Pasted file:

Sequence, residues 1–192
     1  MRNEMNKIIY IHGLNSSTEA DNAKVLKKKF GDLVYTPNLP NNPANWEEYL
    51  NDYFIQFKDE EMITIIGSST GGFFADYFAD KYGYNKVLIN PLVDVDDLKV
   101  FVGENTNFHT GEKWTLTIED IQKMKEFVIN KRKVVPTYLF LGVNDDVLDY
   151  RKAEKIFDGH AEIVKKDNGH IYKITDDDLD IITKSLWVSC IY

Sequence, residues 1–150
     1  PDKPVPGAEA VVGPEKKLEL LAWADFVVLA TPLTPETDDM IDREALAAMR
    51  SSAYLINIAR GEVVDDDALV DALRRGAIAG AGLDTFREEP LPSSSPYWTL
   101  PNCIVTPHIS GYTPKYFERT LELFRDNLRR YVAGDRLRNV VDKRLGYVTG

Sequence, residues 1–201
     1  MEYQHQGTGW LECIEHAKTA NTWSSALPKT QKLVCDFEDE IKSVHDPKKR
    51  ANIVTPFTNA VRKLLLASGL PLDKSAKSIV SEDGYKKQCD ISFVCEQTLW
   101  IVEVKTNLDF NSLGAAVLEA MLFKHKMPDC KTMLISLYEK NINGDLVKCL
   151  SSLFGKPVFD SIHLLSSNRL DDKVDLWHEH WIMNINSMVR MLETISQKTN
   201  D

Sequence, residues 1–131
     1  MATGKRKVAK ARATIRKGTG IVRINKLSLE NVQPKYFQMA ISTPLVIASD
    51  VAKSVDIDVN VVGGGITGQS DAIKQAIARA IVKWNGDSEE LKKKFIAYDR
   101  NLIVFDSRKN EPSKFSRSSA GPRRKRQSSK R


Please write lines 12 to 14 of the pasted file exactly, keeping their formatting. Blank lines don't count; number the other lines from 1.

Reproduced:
    51  ANIVTPFTNA VRKLLLASGL PLDKSAKSIV SEDGYKKQCD ISFVCEQTLW
   101  IVEVKTNLDF NSLGAAVLEA MLFKHKMPDC KTMLISLYEK NINGDLVKCL
   151  SSLFGKPVFD SIHLLSSNRL DDKVDLWHEH WIMNINSMVR MLETISQKTN